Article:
Analyze Part 3
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After completing this course, you will be able to:

  • Understand the key principles of Lean Six Sigma
  • Identify improvement opportunities in your organization (projects)
  • Understand and use the Define, Measure, Analyze, Improve, Control (DMAIC) model and key activities
  • Use the basic tools and techniques
  • Understand the role of Yellow Belts in Lean Six Sigma projects
  • Run small improvements in their day-to-day work processes

The modules covered in this learning:

  • Lean Six Sigma Overview
  • Define Phase
  • Measure Phase
  • Analyze Phase
  • Improve Phase
  • Control Phase

The recommended study time for this course is approximately 5 hours.

Please note: this content was produced in the UK and may include the use of British English.

Key exam information

There is no exam at the end of the LSSYB. A Yellow Belt certificate is issued upon completion of the training. 


Welcome. This is part three of the Analyze phase of Lean Six Sigma. In this part, we will be looking at how to analyze the process. In Measure, we talked about drawing a detailed process map. In Analyze, we can go one step further than that and look at the steps within that process map to help some further understanding of what's happening in the process. The word analysis means decomposing. And this we may already have done of the process in the measure phase.

Once we have drawn a process map, we can look at each of the steps and try and define what type of step they are. This definition comes from the work of Taiichi Ohno who created the Toyota production system. When he was looking at the Toyota production system, Taiichi Ohno identified two types of steps: value adding or non-value adding. Since his work, a third type of step has been identified, which here we've called business non-value adding. We will consider that a little bit later.

Taiichi Ohno said a step in a process is value adding if that step changes, transforms, or modifies the inputs into or towards something the customer wants. If that step does not change, transform, or modify the inputs into something the customer wants, then that step is of no value to the customer. Steps which are no value to the customer clearly are known as non-value adding steps. And so we can identify in our process which of the steps are value adding and which are non-value adding.

The third type of step is business non-value adding, or business enabling, or necessary non-value adding. Many organizations have lots of different names for this third step. However, I would say keep the definition simple. For business non-value adding, allocate steps that are done for a regulator or audit. If you extend the definition of business non-value adding, you will find that most of the steps fall into it. And so we will define the steps as value adding, non-value adding, or business non-value adding.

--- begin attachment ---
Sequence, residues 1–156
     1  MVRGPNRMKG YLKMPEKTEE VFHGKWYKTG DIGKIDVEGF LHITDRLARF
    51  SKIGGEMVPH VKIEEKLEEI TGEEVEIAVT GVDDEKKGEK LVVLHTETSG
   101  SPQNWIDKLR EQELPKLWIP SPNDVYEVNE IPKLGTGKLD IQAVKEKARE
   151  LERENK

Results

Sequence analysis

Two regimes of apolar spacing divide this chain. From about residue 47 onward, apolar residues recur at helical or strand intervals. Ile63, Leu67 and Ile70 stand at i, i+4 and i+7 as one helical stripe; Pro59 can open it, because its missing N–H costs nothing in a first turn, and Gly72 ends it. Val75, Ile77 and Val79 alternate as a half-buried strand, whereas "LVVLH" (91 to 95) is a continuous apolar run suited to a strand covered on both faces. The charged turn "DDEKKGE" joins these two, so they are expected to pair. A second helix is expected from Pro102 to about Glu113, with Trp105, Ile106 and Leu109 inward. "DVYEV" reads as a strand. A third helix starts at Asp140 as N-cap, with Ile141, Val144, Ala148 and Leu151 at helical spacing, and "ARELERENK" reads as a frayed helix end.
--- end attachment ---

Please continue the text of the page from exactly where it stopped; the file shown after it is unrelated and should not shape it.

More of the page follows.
Why do we want to do this? Well, we want to do this because in identifying which steps fall in each category will help us understand where to start to look for improvements. And so we can then, from the process map, identify which of the steps are value adding, which are non-value adding, which are business non-value adding.

Once we've done that, we should look at the steps that are non-value adding because it is here we will find most of the improvements. And the improvements there will probably be easier to take place. Once we've completed what we can do in non-value adding, we can look in value adding, although because by nature these are creating some sort of change or transformation to the inputs, they often are harder to improve and the amount of improvement will be considerably less than non-value adding activity.

Once we've completed the value-adding steps and seeing what we can improve there, we could go on to business non-value adding and see if there's anything that we're doing which we could improve even though we've defined it as being done for the regulator. And so, defining whether you've got value adding, non-value adding, or business non-value adding is simply to help you put things into order of where to look to start improvement, and always start in the non-value adding. We'll look at what makes up non-value adding in the next slide where we consider waste.

Taiichi Ohno identified what he called The Seven Deadly Wastes. In many organizations today, they use the acronym TIM WOOD to help them remember what they are. T stands for transportation. I for inventory. M for motion. W for waiting. O for overproduction. O for overprocessing. And D for defects and rework. Let's have a look at each one of them. Here we'll see some examples and I'll talk briefly about what each waste looks like.

Taiichi Ohno said moving things from one place to another is a waste. You can see this very clearly in a manufacturing operation where raw material is moved to a machine, semifinished product is then moved to another machine, and so on until it gets put into the warehouse. In the nonmanufacturing organizations, this movement is often less easy to see. Often, this movement is electronic. So sending emails is probably today's equivalent of transportation. So if emails are being sent, why are they being sent? Do they need to be sent? Just consider your own situation. How often do you get emails that you don't want, but rather than go back and try and stop them, you just delete them, because that's the easiest thing to do? So moving things around is a waste and we should look for other opportunities, so that we don't have to do that.

Inventory. Taiichi Ohno said storing things is a waste. Storage is a waste because it costs money, it takes up space, things get stored that don't get used. They may become obsolete, and therefore, storage can cost organizations a large amount of money. Now, we're not saying you should never store anything, but you should only store the absolute minimum. In fact, in some financial services, the regulator says that information needs to be stored for a fixed amount of time. However, how much of that information is still being stored when the deadline has actually exceeded? And all of this storage costs huge amounts of money.